I like the look of Mrs. Chiburdanizde without her hat, and I find Elina Danielian pretty. I like the look of Humpy Koneru too. Maybe because I am old and because of my own Body-mass index. I think if Chess Auditor looks for women he likes, he should not read chess sites. Maybe he could buy some life-style magazines.

Some nice pictures of female chess players at the Olympiad in 2006


My favourite is Mirai Ishisuka from Japan although they are all beautiful in their own way. Beauty and chess talent, what a combination!

I didnt want to post on this sexist thread ...
But someone had to mention Ushenina , she is a very pretty young lady.

It is amazing Mig forgot to mention Ronen's outrage at Ivanchuk's gentlemen draw with Dominguez... which cost him the +3 and title 1st!

Sorry about hijacking.
I was responding to a post that miraculously disappeared by the time it took me writing the response.

Im not objecting to miscellaneous comments in any thread thats my point. Duh. Lets try again. It does not make sense to object to a chess post which is not about Linares but stay silent about other (non chess) posts about womens looks which are not about Linares either. I could not care less what people post about - if others are interested they will respond if not they wont. So obviously its agreed that Mamedyarov is talking utter crap and should stop whining like a little girl and take his thrashing like a man. Talking of little girls isnt it just a bit pervy to start ranking the looks of a 15 year old schoolgirl (Hou Yifan)??? Keep drooling guys I hear dirty rain coats are cheap at the army surplus stores .....

Ra perhaps its not about being defensive its just that some people dont buy into this its all a question of aesthetics and appreciation of beauty line you know, there are rose gardens,art galleries, fine wine and well whoah chess hotties that you wouldnt mind giving it to. Lust dressed up as something high minded - I guess "a board games and banging" pawn site might have a narrow but hard core appeal?

I suggest, no, demand! a nudist tournament for, WGM, WIM(?), whatever, only good chess level of course.

the 1st. International Nudist Woman Chess Tournament. Naturally, to balance things up spectators should also be naked, both in the playing hall as in their respective homes.


I hope you are proud of this thread, and your proven commitment to free speech, no matter how stupid.

(I don't know why I'm jumping into this)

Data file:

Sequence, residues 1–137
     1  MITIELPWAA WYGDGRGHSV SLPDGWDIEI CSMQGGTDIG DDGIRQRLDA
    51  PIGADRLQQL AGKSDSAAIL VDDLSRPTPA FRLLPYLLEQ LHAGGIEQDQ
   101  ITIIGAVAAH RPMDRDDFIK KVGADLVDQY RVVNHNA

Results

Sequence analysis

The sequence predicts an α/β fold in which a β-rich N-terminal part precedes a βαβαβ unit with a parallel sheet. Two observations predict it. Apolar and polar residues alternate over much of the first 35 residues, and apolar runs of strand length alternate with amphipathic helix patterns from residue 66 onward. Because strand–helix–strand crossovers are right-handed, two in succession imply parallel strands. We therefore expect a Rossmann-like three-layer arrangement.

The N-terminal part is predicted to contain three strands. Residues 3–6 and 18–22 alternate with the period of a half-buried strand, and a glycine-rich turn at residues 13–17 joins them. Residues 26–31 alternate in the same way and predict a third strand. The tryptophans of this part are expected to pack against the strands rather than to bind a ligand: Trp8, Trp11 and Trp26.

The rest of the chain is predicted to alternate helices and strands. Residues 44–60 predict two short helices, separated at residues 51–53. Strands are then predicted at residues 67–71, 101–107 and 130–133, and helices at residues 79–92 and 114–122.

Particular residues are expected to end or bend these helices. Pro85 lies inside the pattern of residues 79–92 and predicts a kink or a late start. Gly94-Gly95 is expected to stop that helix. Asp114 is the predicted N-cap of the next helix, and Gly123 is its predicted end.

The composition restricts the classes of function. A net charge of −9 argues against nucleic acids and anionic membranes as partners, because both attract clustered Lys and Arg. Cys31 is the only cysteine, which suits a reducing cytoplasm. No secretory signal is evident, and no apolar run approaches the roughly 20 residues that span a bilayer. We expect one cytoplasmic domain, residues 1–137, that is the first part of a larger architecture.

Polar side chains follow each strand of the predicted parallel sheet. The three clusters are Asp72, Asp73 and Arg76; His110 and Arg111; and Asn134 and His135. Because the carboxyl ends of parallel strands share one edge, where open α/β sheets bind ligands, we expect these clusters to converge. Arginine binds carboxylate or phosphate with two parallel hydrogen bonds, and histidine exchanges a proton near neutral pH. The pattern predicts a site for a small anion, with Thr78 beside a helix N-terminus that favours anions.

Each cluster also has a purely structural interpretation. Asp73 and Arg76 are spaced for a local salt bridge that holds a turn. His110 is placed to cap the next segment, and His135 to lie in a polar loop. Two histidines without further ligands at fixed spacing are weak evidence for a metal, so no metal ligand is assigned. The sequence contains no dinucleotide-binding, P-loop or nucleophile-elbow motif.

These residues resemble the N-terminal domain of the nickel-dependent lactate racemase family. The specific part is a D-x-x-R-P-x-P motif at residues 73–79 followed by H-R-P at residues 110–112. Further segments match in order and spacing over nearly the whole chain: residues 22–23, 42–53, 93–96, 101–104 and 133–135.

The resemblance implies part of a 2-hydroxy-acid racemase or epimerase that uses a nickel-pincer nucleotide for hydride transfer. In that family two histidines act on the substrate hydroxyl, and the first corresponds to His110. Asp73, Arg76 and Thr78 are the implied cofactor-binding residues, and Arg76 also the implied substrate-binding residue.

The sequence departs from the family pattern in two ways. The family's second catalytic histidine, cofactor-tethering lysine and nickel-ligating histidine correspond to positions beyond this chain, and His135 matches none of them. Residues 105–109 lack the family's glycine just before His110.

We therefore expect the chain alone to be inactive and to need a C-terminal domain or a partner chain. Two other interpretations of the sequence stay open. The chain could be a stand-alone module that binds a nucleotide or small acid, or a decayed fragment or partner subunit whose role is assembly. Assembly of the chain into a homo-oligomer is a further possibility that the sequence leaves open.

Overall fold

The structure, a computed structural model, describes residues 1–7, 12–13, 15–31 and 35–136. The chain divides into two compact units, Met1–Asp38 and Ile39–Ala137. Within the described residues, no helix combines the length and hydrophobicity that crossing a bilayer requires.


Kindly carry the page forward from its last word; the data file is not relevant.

The only appropriate criticism one can direct at Chess Auditor is that his numerical rating of the attractiveness of female chess players has absolutely nothing to do with the topic at hand.

Now - that said, he did put it out there and it's still in here, so aside from the off-topic, I can't understand what people are getting worked up about.

Most women hear about the 1-10 system and think it's dehumanizing. I sympathize, though I don't agree. Physical attractiveness is but one aspect of a person, albeit an aspect that gets paid a lot of attention.

The ability to play chess is another aspect of a person, and it's numerically rated, isn't it?

If I see a woman walking around and, to me, she's a "three", that's the beginning and end of it; I certainly don't think less of her just because I'm not attracted to her. In the same way, I don't think less of people who happened to be low-rated chess players, even if the Elo system is much more objective and scientific than the "1-10" looks rating for women.

And I thought Girly Sue's ratings of male chessplayers was interesting. More women should feel free to do that sort of thing, but of course this isn't my blog.

Topalov again reamed by the FIDE. First he gets excluded from Mexico, yielding the "World Championship" highway to Anand, then he can't buy his way into a Kramnik match, then the mysterious Kamsky "postponement", and now the similar with Anand. World #1 doesn't gets you much these days. Danailov shuld just declare him to be World Champion with some madeup organizational letters attached, and call Anand chicken if he fails to play him. That would at least gets the balls moving.

Topalov is not in a hurry to play Anand , i think this postponement its ok for them too.

you're nuts losdedos....

Topalov excluded himself from fide by inserting that clause loser of kramnik topalov can't play there. Cause he honestly thought kramnik would lose. He wanted him out of the picture.

Then topalov back door ****** everyone to get an illegal match with Kamsky which really only hurts anand because the WC isn't supposed to be able to be challenged less than 3 months after he gets his damn Title!

Grischuk is now playing in the world championship ... of no-limit hold-em. He played day 1a at the Rio in Las Vegas, finishing the day in 7th place. Day 2 is Tuesday.


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    This page contains a single entry by Mig published on March 7, 2009 2:37 PM.

    Linares 09 r13: Ivanchuk Wins, Carlsen Slips was the previous entry in this blog.

    Mamedyarov Puts Foot Deeper into Mouth is the next entry in this blog.